Summer Safety Tips for all Season Long
1. Be well rested and alert, use seat belts, observe speed limits and follow the rules of the road. Clean your headlights and turn them on as dusk approaches or in inclement weather.
2. Don’t drink and drive. Have a designated driver available.
3. Give your full attention to the road. Avoid distractions such as cell phones.
4. Use caution in work zones. There are lots of construction projects underway on the highways.
5. Don’t follow other vehicles too closely.
1. Ensure that everyone in the family becomes water competent. That is, learn to swim well, know your limitations and how to recognize and avoid hazards, and understand how to help prevent and respond to emergencies around water.
2. Adults should actively supervise children and stay within arm’s reach of young children and newer swimmers. Kids should follow the rules.
3. Fence your pool in with four-sided fencing that is at least four-feet in height and use self-closing, self-latching gates.
4. Wear your U.S. Coast Guard-approved life jacket always when on a boat and if in a situation beyond your skill level.
5. Swim as a pair near a lifeguard’s chair – everyone, including experienced swimmers, should swim with a buddy in areas protected by lifeguards. If in a location with no lifeguards, such as a residential pool, designate a “Water Watcher” to keep a close eye and constant attention on children in and around the water.
1. If you plan to swim in the ocean, a lake or river, be aware that swimming in these environments is different than swimming in a pool. Be sure you have the skills for these environments.
2. Swim only at a beach with a lifeguard, within the designated swimming area. Obey all instructions and orders from lifeguards and ask them about local conditions.
3. Make sure you swim sober and that you always swim with a buddy. Know your limitations and make sure you have enough energy to swim back to shore.
4. Protect your neck – don’t dive headfirst. Walk carefully into open waters. Watch out for and avoid aquatic life.
5. If you are caught in a rip current, try not to panic. Signal to those on shore that you need assistance. Swim parallel to the shore until you are out of the current. Once you are free, swim toward shore. If you can’t swim to the shore, float or tread water until you are free of the rip current and then head toward shore.
1. Always supervise a barbecue grill when in use. Don’t add charcoal starter fluid when coals have already been ignited.
2. Never grill indoors – not in your house, camper, tent or any enclosed area.
3. Make sure everyone, including pets, stays away from the grill.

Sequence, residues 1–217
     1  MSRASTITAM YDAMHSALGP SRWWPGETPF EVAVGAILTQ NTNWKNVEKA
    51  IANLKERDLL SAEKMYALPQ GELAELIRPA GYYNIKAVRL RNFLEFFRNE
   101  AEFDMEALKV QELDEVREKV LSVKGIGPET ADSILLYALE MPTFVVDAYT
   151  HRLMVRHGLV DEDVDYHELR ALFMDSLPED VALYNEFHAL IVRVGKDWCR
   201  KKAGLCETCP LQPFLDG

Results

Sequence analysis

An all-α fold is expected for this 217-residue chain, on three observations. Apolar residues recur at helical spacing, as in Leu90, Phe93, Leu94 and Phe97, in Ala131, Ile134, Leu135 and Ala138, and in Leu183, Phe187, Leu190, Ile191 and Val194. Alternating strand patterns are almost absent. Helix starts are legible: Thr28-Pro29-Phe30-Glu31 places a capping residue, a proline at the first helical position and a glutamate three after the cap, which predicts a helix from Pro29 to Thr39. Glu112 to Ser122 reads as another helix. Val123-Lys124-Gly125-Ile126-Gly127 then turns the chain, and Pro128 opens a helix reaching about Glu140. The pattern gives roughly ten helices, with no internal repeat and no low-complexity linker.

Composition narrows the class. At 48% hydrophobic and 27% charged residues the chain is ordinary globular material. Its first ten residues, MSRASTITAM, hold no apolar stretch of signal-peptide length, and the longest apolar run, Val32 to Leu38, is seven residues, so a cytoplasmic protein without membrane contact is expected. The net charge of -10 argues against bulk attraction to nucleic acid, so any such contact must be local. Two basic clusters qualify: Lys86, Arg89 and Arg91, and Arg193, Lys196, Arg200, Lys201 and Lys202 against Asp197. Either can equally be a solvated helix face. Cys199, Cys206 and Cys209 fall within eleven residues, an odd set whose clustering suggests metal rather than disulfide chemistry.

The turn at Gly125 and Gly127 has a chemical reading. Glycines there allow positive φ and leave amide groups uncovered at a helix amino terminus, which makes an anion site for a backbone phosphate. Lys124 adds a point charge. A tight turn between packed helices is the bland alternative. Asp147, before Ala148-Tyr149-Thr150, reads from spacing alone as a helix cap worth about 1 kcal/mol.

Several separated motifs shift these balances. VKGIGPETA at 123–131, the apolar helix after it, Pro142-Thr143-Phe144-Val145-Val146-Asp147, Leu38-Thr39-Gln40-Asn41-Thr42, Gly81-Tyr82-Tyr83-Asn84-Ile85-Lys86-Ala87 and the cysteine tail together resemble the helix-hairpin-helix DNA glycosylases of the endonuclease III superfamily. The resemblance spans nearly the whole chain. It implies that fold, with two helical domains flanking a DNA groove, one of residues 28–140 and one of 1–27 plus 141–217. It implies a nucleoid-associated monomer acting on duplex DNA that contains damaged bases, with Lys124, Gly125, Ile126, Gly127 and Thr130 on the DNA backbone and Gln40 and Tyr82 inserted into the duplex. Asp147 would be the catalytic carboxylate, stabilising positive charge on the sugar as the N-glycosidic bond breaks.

4. Keep the grill out in the open, away from the house, deck, tree branches, or anything that could catch fire.
5. Use the long-handled tools especially made for cooking on the grill to keep the chef safe.
When bringing food to a picnic or cookout:
• Use an insulated cooler filled with ice or frozen gel packs. You can also use frozen food as a cold source.
• Foods that need to be kept cold include raw meat, poultry, and seafood; deli and luncheon meats or sandwiches; summer salads (tuna, chicken, egg, pasta, or seafood); cut up fruit and vegetables; and perishable dairy products.
• Keep your cooler out of the direct sun by placing it in the shade or shelter. Remember that a full cooler will maintain its cold temperature longer than a partially filled one.
• To keep your food cold longer, avoid opening the cooler repeatedly.
When cooking on the grill:
• Prevent cross-contamination from raw meat or poultry juices by washing counter tops and sinks with hot, soapy water. Wash hands after handling raw meat or poultry or its packaging because anything you touch afterwards could become contaminated.
• Keep perishable food cold until it is ready to cook.
• Use a food thermometer to make sure meat and poultry are cooked thoroughly to their safe minimum internal temperatures.
• Always use a fresh, clean plate and tongs for serving cooked food. Never reuse items that touched raw meat or poultry to serve cooked food.
When serving food outdoors:
• Do not sit perishable food out for more than two hours. In hot weather (above 90 °F), food should NEVER sit out for more than one hour. This is when bacteria in food can multiply rapidly, and lead to foodborne illness.
• Serve cold food in small portions, and keep the rest in the cooler.
• After cooking meat and poultry on the grill, keep it hot until served – at 140°F or warmer.
• Keep hot food hot by setting it to the side of the grill rack, not directly over the coals where they could overcook.
For more information, visit www.foodsafety.gov and learn fire safety for your next barbecue from the U.S. Fire Administration.
DOWNLOAD RED CROSS APPS The Red Cross app “Emergency” can help keep you and your loved ones safe by putting vital information in your hand for more than 35 different severe weather and emergency alerts. The Red Cross Swim App promotes water safety education and helps parents and caregivers of young people learning how to swim. The Red Cross First Aid App puts instant access to information on handling the most common first aid emergencies at your fingertips. Download these apps for free by searching for ‘American Red Cross’ in your app store or at redcross.org/apps. Learn First Aid and CPR/AED skills (redcross.org/takeaclass) so you can help save a life.